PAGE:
Spook Country Paperback – Jun 3 2008
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From Publishers Weekly
Robertson Dean's deep, soothing tones anchor this post-9/11 thriller, a follow-up to Pattern Recognition. Told from three third-person perspectives, the story concerns a journalist backed by a mysterious Belgian industrialist, a young Cuban-Chinese go-to guy from a secretive clan of criminals, and a junkie fluent in Russian, who get caught up in a search for a mysterious shipping container. Gibson reinvents the concept he made famous in his landmark SF novel, Neuromancer—i.e., cyberspace—creating a more nuanced and up-to-date relationship between the virtual and the real. For Gibson, the nature of the quest object is almost beside the point; it merely serves as a spark for a series of cleverly orchestrated confrontations and interesting meditations about the world and where it's headed. In a novel that's light on dialogue and heavy on narration and interior monologue, Dean doesn't need to create distinct, accented voices. He provides reflective calm for Gibson's musings, and clarity to detailed, complex action scenes. Although there are a few strange mispronunciations, this is, on the whole, a smooth, intelligent recording of an intriguing and gripping book.
Copyright © Reed Business Information, a division of Reed Elsevier Inc. All rights reserved. --This text refers to the Audio CD edition.
Set in the present, Gibson's Pattern Recognition (2002) addressed hacking, viral marketing, global surveillance, and, several years before YouTube and Lonelygirl15, video on the Internet. Spook Country, too, depicts the present, with the future superimposed on it, a layer of data visible only to those who know how to see it. Hollis Henry, formerly the singer in an early nineties band with a cult following and now a freelance journalist, is hired by Node, a Wired-like publication, to write a piece on "locative art," for which a viewer must don a headset to see three-dimensional virtual renditions projected via wireless to an exact location using GPS. Node's funding comes from Hubertus Bigend (returning from Pattern Recognition), the Belgian founder of the "innovative global advertising agency Blue Ant," known for his "ability to find precisely the right person for a given project." In a positively creepy scene, Hollis, upon learning who is funding her job, does a Google search for Bigend and, just after reading a Wikipedia entry on him, gets a phone call from the man himself. Bigend's intentions may be shady, but he is incredibly resourceful. Hollis goes from L.A. to Vancouver to track geo-hacker Bobby Chombo, himself hired by a mysterious outfit to track a missing shipping container. Other colorful characters with cool toys also pursue the container. Still others pursue the pursuers, in typical Gibsonian fashion. Segedin, Ben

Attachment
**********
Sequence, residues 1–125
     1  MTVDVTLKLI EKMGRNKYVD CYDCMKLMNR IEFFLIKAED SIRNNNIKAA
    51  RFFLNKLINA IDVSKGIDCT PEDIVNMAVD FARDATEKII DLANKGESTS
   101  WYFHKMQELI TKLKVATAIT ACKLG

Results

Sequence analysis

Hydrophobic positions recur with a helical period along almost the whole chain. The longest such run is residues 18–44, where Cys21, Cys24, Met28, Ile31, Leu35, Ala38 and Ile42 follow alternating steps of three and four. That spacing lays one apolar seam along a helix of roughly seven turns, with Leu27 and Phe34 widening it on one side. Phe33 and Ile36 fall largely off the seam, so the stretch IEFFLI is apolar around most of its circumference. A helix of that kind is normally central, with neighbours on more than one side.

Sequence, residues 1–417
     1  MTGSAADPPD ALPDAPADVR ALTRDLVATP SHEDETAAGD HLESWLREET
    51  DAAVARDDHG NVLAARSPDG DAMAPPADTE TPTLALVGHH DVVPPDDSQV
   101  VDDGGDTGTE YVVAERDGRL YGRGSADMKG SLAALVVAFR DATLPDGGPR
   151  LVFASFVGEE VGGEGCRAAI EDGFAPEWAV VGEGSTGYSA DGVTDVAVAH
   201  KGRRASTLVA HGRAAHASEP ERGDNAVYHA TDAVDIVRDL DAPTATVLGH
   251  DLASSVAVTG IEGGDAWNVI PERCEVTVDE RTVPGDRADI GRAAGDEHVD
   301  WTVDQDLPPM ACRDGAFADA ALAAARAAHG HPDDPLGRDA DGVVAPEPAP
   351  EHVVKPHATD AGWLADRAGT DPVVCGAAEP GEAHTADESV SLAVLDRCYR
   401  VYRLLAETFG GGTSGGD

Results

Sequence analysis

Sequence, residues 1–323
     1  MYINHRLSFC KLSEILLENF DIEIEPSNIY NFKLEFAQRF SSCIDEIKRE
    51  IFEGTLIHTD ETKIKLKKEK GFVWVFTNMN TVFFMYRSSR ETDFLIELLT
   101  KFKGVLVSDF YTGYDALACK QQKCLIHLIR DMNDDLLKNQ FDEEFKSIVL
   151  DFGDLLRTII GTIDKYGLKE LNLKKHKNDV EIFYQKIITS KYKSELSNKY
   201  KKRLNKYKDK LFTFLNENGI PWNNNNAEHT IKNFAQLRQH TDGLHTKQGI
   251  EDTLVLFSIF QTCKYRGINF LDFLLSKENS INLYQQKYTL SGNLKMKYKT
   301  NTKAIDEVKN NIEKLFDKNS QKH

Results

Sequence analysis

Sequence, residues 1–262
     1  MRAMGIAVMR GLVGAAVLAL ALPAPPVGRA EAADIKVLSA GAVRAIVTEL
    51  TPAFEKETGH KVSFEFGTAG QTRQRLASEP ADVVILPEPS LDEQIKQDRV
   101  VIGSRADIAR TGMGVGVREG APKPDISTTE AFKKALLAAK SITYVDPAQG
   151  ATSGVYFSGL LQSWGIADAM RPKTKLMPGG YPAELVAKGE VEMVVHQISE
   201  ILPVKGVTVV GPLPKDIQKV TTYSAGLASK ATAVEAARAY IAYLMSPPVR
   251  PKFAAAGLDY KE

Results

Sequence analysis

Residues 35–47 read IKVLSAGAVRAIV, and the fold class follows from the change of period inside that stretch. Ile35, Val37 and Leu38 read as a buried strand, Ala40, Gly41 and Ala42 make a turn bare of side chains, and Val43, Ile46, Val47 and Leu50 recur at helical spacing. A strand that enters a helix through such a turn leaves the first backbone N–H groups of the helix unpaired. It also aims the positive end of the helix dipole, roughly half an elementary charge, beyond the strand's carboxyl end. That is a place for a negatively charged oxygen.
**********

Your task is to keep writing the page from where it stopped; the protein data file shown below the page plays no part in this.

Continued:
Copyright © American Library Association. All rights reserved --This text refers to the Hardcover edition.
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Top Customer Reviews
While Pattern Recognition in many ways was a contemporary cyberpunk novel, this novel strays further into character development and character study, with great results. The plot is perhaps less immediately arresting than Pattern Recognition's, and the main character less oddly unique. However, all of the supporting characters truly shine, fascinatingly sketched and engaging. It's really one of the few stories I've read in a long time which presented the material from multiple viewpoints anchored to multipl characters where there were no characters that I disliked and no chapters that I wanted to rush through to get back to my favourite storyline.
The way the loose threads are ultimately gathered up is slightly more coincidental and convenient than in PR, but ultimately I think more satisfying, for the triumphs are more personal and you wind up feeling for the all of the people of this story.